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Staff Meeting Agenda Guide (Templates & Tips) ⭐⭐⭐⭐⭐

To transform your staff meetings for the better, start with the agenda.

Staff Meeting Agenda Guide (Templates & Tips) ⭐⭐⭐⭐⭐

Jump to template:

  1. Stand-Up Meeting
  2. Weekly Team Meeting
  3. Monthly Management Meeting
  4. Quarterly Strategy Meeting
  5. All-Hands Meeting

For many, meetings feel like a necessary evil. If your meetings suck, then chances are the employees on your team won't really care about them or get value out of that time.

But if your staff meetings are short, efficient, and on point, they can began enjoyable and dynamic events that spur the team into action and decision-making.

To transform your staff meetings for the better, start with the agenda.

What is a staff meeting?

A staff meeting is a time when all the employees in your department or team gather together to talk your work or project. Often this is a recurring meeting, such as a weekly team meeting.

In smaller organizations, a staff meeting might include every employee, whereas in larger companies, the term is often used to describe a team meeting with someone's immediate working group.

The purpose of a staff meeting:

The purpose of a staff meeting is to make sure that people understand what they need to do, and how they can do it. This requires being aligned with the work that others are doing around them, and being able to take advantage to the help, resources, and skills in their organization to overcome any challenges they might be facing.

Tips for creating your staff meeting agenda

In order to build a great staff meeting agenda, you'll need to do the following:

1) Get everyone involved in setting up the meeting by determining objectives and participating in designing the agenda themselves. Even if it's just adding two bullet points summarizing their update, this kind of team collaboration will help keep people invested and ensure that attendees feel like their input was listened to.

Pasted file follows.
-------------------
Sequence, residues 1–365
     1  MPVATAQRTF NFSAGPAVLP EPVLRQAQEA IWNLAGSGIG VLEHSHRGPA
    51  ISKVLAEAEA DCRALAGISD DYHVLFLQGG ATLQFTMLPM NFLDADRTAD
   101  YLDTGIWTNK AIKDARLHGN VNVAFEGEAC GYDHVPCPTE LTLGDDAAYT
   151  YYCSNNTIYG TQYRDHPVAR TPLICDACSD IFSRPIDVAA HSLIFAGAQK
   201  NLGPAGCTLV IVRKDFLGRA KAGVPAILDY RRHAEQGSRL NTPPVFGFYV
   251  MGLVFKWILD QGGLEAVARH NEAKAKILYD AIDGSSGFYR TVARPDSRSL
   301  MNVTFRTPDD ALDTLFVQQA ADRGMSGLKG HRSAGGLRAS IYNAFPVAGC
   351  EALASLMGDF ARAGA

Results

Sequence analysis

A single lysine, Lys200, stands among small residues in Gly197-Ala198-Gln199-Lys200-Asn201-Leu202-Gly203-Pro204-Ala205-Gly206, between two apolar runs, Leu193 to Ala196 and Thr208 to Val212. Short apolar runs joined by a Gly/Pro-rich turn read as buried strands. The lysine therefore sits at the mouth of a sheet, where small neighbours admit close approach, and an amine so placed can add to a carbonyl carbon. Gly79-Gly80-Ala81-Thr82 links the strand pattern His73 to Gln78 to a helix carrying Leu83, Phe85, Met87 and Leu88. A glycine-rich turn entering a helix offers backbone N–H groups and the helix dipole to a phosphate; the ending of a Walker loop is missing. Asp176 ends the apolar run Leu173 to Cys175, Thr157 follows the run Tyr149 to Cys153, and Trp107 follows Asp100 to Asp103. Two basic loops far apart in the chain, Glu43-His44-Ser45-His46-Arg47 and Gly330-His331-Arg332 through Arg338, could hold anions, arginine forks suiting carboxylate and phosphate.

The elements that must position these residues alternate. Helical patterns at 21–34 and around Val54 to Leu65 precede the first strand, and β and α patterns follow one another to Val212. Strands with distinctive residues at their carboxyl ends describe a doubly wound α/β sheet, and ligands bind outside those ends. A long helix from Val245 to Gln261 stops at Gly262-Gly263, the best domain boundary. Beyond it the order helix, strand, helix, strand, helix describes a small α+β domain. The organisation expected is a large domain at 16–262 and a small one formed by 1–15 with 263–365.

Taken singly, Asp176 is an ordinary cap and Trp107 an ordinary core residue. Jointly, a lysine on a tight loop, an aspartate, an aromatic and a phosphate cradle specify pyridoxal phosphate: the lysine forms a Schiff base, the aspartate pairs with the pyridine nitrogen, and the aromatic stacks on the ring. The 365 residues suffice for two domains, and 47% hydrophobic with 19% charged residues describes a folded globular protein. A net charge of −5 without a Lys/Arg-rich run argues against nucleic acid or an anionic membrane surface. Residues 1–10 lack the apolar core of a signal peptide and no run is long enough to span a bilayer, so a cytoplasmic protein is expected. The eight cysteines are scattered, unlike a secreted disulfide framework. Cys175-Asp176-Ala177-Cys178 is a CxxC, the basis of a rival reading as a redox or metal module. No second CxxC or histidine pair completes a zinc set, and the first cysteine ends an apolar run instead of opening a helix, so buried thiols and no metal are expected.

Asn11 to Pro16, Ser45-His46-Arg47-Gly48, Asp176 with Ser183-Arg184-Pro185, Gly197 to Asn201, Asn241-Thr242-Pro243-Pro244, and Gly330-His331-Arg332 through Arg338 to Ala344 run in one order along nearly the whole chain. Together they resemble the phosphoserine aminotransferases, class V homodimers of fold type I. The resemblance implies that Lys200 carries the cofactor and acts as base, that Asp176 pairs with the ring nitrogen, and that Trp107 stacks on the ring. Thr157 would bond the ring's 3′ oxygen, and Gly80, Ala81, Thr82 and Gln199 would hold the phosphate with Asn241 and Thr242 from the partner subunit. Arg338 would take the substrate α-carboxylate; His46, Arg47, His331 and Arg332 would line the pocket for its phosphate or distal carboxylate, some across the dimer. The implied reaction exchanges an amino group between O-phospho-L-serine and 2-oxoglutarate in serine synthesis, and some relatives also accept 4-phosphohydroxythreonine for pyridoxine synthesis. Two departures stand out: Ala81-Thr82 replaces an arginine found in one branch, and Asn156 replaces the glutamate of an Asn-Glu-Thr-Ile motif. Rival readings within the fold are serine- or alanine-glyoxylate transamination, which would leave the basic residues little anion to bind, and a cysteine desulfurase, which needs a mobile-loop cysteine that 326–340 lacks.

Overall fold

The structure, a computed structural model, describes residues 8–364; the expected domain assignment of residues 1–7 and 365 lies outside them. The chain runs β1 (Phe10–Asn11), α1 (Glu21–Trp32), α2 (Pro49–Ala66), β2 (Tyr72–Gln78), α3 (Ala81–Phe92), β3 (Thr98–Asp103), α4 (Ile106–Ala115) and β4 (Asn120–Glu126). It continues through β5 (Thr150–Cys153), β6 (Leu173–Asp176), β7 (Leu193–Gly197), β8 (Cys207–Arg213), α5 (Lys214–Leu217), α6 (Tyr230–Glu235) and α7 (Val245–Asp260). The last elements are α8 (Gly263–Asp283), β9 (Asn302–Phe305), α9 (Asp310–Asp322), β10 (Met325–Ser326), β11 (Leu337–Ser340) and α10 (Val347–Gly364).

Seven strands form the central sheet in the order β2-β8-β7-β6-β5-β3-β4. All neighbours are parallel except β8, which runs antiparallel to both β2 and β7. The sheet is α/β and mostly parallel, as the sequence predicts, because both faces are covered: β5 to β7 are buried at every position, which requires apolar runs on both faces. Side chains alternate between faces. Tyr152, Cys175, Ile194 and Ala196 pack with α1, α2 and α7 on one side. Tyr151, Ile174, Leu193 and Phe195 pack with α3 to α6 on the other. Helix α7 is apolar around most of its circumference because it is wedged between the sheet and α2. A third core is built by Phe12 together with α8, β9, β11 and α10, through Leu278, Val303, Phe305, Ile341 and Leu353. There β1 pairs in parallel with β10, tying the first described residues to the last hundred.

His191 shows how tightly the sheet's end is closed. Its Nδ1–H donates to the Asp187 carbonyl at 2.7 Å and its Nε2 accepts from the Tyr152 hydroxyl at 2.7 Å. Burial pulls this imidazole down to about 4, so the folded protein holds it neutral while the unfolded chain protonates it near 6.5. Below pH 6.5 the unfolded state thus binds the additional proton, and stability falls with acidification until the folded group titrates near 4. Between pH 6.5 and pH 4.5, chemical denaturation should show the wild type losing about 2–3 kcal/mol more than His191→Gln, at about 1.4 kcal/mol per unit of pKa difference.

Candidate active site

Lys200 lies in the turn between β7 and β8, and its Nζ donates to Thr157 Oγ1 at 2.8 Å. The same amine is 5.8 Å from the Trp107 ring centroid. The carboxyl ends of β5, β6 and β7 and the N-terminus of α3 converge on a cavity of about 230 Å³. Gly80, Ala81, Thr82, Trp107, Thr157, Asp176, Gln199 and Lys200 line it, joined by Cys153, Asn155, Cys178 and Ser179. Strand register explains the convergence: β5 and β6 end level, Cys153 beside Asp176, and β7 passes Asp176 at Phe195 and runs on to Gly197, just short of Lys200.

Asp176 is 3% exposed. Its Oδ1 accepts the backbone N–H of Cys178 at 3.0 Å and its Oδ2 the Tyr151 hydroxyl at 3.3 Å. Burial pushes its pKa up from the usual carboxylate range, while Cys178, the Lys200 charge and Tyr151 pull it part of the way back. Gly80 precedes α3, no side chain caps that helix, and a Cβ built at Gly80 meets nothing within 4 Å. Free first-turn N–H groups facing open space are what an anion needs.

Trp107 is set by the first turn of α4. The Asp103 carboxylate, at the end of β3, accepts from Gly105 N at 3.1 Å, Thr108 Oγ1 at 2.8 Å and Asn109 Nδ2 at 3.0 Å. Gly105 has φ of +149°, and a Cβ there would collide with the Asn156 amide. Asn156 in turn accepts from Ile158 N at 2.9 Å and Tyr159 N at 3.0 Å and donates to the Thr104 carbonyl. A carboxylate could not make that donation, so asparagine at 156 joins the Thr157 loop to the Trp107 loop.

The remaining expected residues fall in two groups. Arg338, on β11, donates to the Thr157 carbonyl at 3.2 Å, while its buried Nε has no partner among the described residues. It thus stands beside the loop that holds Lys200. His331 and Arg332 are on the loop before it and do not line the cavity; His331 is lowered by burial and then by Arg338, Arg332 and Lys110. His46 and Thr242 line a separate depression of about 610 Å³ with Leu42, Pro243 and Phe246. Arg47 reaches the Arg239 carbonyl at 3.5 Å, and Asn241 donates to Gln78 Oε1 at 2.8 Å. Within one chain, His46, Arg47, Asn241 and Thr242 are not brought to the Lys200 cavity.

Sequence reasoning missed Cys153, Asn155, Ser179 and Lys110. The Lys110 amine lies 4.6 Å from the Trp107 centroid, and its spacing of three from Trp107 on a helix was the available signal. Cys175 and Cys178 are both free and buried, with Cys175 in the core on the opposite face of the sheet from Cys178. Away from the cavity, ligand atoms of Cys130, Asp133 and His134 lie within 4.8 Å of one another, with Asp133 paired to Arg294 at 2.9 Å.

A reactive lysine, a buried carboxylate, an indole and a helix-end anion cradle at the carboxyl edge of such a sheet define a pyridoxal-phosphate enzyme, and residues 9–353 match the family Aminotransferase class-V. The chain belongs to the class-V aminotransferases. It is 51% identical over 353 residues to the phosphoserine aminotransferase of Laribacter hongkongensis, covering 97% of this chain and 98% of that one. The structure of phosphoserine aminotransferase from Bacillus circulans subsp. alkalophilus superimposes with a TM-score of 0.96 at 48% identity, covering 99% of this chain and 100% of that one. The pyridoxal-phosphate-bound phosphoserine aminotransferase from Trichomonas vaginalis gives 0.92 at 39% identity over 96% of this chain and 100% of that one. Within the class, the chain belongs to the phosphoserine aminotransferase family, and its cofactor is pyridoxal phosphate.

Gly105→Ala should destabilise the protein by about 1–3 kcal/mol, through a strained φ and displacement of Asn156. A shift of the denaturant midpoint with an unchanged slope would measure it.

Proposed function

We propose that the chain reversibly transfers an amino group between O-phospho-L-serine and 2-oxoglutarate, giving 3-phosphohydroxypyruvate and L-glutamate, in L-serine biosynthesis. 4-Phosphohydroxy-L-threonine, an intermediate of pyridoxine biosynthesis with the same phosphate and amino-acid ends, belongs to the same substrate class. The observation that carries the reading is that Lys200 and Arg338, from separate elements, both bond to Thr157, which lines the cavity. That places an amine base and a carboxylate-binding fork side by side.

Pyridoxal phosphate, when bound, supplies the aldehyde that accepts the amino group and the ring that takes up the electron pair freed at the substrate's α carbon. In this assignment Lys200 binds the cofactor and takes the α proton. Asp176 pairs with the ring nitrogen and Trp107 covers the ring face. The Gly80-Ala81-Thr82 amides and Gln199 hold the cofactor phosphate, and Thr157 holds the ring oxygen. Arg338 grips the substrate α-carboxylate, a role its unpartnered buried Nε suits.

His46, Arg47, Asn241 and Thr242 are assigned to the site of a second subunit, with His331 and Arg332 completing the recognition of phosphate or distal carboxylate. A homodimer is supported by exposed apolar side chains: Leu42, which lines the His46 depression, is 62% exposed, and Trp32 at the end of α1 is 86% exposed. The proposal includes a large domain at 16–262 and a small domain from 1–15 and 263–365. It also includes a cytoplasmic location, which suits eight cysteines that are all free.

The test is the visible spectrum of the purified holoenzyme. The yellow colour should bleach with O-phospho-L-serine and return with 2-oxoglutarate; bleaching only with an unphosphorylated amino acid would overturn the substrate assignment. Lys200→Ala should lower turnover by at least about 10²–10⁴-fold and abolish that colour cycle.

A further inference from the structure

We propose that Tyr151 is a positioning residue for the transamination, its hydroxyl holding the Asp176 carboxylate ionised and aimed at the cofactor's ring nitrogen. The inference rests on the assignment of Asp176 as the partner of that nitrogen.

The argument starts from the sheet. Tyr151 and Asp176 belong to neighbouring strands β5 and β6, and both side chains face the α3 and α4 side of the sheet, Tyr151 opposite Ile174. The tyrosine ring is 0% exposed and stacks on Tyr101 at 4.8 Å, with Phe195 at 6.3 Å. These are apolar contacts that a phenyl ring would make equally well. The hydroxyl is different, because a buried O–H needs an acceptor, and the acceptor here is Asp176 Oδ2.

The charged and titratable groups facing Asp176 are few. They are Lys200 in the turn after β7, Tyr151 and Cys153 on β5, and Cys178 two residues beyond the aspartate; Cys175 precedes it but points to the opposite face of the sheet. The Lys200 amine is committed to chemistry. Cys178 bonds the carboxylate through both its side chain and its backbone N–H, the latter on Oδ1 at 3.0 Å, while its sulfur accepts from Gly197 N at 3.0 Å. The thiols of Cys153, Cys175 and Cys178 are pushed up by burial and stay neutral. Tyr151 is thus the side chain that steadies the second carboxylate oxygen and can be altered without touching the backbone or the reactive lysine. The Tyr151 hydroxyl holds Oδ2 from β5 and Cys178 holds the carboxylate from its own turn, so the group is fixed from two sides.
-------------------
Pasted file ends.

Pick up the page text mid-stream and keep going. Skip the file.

2) Make sure that the agenda doesn't take more than an hour to get through. Too many meetings run past their allotted time because there is too much input and not enough evaluation or prioritization. That's why you need to set a timer for each segment of your meeting. Or, if the agenda looks long, prune some agenda items before you start the meeting (or at the start as a team).

TIP: Keep your meetings short enough to be interesting, but long enough to be effective. You know the staff meeting agenda works when people want to come back to work the next day!

Free, 15-minute guide to shorter, fewer, better meetings.

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3) Have an open-door policy. If there is a problem or longer conversation to be had with only a select few, let team members know that you are open to discussing it after the meeting.

4) Establish a consistent format for each meeting. If there is a predictable structure, this will help attendees be more productive and use their time more wisely.

5) End with a clear action plan. Make sure you leave everybody in the room ready to take the next step and that they know exactly what it is they're supposed to be doing before the next meeting begins.

The anatomy of staff meeting agenda templates

Now that you know that basics, it's time to work on building your own staff meeting agenda.

Below we have multiple examples of various types of team meetings and agenda templates for each. Within each template you'll notice some common types of agenda items, such as:

Goals: Setting goals and reviewing objectives is a great way to make sure that everybody is on the same page, and that everyone knows what they should be doing going forward.

Data: Prefacing discussions with real numbers helps root everyone in the same reality about how the business is doing.

Status updates: Try to keep these brief and to the point, summarizing only the high-level details. Follow-up later individually if more information is required.

Discussions and decisions: List out specific questions that need to be answered or decisions that need to be made in your agenda. That way, everyone showing up to the meeting will have a change to organize their thoughts.

Action items: Always document any next steps in your meeting notes / meeting minutes, including what the action item is and who is responsible. Almost every decision comes with an accompanying action item, so it's critical to keep track of what needs to be done.

Free staff meeting agenda templates (Word & Google Docs)